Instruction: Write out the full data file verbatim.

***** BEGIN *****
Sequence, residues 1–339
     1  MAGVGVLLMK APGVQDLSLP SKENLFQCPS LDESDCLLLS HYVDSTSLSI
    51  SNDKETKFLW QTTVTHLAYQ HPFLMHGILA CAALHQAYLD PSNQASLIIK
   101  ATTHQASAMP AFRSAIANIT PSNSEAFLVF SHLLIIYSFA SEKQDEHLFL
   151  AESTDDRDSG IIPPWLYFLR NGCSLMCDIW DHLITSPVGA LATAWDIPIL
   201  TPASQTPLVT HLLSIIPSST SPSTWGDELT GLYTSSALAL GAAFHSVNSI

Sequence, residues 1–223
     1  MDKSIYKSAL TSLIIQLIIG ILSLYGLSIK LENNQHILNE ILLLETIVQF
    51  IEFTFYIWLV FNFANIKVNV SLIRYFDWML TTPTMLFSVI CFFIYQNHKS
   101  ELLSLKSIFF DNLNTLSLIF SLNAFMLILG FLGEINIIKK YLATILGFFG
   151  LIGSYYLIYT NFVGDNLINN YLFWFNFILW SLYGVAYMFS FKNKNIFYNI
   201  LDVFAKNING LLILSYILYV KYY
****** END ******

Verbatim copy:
Sequence, residues 1–339
     1  MAGVGVLLMK APGVQDLSLP SKENLFQCPS LDESDCLLLS HYVDSTSLSI
    51  SNDKETKFLW QTTVTHLAYQ HPFLMHGILA CAALHQAYLD PSNQASLIIK
   101  ATTHQASAMP AFRSAIANIT PSNSEAFLVF SHLLIIYSFA SEKQDEHLFL
   151  AESTDDRDSG IIPPWLYFLR NGCSLMCDIW DHLITSPVGA LATAWDIPIL
   201  TPASQTPLVT HLLSIIPSST SPSTWGDELT GLYTSSALAL GAAFHSVNSI

Sequence, residues 1–223
     1  MDKSIYKSAL TSLIIQLIIG ILSLYGLSIK LENNQHILNE ILLLETIVQF
    51  IEFTFYIWLV FNFANIKVNV SLIRYFDWML TTPTMLFSVI CFFIYQNHKS
   101  ELLSLKSIFF DNLNTLSLIF SLNAFMLILG FLGEINIIKK YLATILGFFG
   151  LIGSYYLIYT NFVGDNLINN YLFWFNFILW SLYGVAYMFS FKNKNIFYNI
   201  LDVFAKNING LLILSYILYV KYY